Indexed on: 10 May '05Published on: 10 May '05Published in: Journal of Biological Chemistry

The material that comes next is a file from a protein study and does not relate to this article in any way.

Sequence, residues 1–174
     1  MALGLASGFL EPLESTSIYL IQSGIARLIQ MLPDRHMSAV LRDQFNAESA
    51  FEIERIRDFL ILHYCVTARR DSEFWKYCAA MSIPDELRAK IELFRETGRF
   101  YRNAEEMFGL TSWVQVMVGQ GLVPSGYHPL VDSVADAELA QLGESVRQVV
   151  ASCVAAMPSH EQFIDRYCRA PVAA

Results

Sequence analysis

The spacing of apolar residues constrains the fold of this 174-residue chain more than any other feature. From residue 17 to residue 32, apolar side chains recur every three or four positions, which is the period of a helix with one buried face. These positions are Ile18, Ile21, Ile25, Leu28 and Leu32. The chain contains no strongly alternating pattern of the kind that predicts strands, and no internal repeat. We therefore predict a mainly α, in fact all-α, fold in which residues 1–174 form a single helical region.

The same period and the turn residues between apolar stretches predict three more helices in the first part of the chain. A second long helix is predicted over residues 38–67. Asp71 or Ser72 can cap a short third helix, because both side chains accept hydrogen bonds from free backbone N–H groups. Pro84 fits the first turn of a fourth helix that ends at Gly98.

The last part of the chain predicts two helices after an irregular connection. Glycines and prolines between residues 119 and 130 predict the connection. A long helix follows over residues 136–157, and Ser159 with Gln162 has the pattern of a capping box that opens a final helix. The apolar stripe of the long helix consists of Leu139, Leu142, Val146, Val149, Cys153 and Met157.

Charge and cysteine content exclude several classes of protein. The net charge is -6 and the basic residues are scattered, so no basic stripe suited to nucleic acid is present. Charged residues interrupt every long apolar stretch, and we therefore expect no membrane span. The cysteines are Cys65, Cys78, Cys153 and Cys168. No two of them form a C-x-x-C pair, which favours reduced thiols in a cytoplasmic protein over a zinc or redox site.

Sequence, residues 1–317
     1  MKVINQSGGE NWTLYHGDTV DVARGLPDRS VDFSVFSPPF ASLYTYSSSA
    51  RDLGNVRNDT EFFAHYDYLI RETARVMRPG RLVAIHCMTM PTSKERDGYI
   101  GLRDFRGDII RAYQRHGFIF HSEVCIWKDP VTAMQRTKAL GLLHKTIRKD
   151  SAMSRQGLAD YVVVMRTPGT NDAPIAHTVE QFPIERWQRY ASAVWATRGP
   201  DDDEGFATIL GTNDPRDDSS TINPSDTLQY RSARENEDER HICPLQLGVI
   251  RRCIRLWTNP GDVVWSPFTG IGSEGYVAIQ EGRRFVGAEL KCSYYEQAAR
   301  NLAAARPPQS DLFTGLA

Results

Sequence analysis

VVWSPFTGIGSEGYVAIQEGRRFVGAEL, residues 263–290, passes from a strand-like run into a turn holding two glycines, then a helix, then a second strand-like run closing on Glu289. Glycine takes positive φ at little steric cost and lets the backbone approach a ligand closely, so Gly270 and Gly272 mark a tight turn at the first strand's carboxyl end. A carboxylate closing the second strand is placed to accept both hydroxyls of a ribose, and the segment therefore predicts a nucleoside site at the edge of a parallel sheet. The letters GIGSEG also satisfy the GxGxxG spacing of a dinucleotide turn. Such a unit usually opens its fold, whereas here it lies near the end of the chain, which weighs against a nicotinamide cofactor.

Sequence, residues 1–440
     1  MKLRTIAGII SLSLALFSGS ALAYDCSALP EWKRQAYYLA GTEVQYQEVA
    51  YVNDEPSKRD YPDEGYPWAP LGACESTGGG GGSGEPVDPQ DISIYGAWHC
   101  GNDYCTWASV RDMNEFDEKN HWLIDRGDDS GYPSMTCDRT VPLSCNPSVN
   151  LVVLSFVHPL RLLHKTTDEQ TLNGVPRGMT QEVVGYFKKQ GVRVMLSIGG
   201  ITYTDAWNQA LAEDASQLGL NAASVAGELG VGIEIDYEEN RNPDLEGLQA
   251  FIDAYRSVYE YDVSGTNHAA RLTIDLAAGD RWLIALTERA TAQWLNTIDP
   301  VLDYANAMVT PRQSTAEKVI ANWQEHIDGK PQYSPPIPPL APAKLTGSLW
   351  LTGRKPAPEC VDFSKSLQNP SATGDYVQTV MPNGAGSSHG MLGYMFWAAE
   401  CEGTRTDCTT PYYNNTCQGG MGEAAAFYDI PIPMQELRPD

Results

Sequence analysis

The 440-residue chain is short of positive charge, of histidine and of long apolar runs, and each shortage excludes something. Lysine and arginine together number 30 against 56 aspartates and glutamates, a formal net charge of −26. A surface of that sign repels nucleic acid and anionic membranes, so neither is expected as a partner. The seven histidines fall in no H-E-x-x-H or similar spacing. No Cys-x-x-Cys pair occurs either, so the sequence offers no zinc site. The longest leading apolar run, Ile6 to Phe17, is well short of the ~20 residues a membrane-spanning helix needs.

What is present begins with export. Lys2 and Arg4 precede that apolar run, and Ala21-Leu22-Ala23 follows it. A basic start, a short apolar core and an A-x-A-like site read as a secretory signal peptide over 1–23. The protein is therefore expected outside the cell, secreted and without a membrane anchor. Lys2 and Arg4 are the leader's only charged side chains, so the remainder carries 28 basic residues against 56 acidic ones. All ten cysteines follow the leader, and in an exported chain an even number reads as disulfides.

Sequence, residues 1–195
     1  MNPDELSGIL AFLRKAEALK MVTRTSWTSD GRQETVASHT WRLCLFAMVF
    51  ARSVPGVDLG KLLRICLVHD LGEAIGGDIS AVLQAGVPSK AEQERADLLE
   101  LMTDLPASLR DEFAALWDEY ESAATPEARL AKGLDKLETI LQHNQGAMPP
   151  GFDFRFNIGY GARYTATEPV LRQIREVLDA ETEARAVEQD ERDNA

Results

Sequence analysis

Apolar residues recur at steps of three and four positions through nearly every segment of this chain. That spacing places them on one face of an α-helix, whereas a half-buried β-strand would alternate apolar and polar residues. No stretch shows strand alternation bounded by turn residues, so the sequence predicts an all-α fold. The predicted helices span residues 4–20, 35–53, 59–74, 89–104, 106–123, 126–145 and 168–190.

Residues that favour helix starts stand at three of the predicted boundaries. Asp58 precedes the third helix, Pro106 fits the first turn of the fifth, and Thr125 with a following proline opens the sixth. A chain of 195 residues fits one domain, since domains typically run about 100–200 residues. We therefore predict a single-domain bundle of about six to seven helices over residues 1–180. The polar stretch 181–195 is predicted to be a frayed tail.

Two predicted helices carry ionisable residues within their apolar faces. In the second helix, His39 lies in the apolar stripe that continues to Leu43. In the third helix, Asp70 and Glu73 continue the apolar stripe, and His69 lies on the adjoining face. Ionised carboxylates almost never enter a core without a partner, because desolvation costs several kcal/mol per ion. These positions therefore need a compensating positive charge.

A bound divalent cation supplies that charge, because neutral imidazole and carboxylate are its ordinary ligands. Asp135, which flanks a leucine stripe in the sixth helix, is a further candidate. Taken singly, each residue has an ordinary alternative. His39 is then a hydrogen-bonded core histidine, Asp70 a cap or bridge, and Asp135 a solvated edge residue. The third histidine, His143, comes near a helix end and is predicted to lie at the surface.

Mitochondrial (mt) DNA depletion syndromes can arise from genetic deficiencies for enzymes of dNTP metabolism, operating either inside or outside mitochondria. MNGIE is caused by the deficiency of cytosolic thymidine phosphorylase that degrades thymidine and deoxyuridine. The extracellular fluid of the patients contains 10-20 microM deoxynucleosides leading to changes in dTTP that may disturb mtDNA replication. In earlier work, we suggested that mt dTTP originates from two distinct pathways: (i) the reduction of ribonucleotides in the cytosol (in cycling cells) and (ii) intra-mt salvage of thymidine (in quiescent cells). In MNGIE and most other mtDNA depletion syndromes, quiescent cells are affected. Here, we demonstrate in quiescent fibroblasts (i) the existence of small mt dNTP pools, each usually 3-4% of the corresponding cytosolic pool; (ii) the rapid metabolic equilibrium between mt and cytosolic pools; and (iii) the intra-mt synthesis and rapid turnover of dTTP in the absence of DNA replication. Between 0.1 and 10 microM extracellular thymidine, intracellular thymidine rapidly approaches the extracellular concentration. We mimic the conditions of MNGIE by maintaining quiescent fibroblasts in 10-40 microM thymidine and/or deoxyuridine. Despite a large increase in intracellular thymidine concentration, cytosolic and mt dTTP increase at most 4-fold, maintaining their concentration for 41 days. Other dNTPs are marginally affected. Deoxyuridine does not increase the normal dNTP pools but gives rise to a small dUTP and a large dUMP pool, both turning over rapidly. We discuss these results in relation to MNGIE.